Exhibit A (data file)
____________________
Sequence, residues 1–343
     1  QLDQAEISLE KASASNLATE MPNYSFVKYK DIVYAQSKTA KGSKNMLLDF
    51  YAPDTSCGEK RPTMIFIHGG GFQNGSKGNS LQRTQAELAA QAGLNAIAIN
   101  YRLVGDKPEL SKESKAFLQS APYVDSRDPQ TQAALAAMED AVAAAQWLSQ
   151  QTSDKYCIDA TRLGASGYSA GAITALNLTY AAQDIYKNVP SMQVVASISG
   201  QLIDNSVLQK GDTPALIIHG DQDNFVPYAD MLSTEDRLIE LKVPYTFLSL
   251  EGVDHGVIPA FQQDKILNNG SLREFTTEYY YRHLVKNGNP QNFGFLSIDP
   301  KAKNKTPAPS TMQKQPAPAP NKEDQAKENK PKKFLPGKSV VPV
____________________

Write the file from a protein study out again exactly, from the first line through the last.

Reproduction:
Sequence, residues 1–343
     1  QLDQAEISLE KASASNLATE MPNYSFVKYK DIVYAQSKTA KGSKNMLLDF
    51  YAPDTSCGEK RPTMIFIHGG GFQNGSKGNS LQRTQAELAA QAGLNAIAIN
   101  YRLVGDKPEL SKESKAFLQS APYVDSRDPQ TQAALAAMED AVAAAQWLSQ
   151  QTSDKYCIDA TRLGASGYSA GAITALNLTY AAQDIYKNVP SMQVVASISG
   201  QLIDNSVLQK GDTPALIIHG DQDNFVPYAD MLSTEDRLIE LKVPYTFLSL
   251  EGVDHGVIPA FQQDKILNNG SLREFTTEYY YRHLVKNGNP QNFGFLSIDP
   301  KAKNKTPAPS TMQKQPAPAP NKEDQAKENK PKKFLPGKSV VPV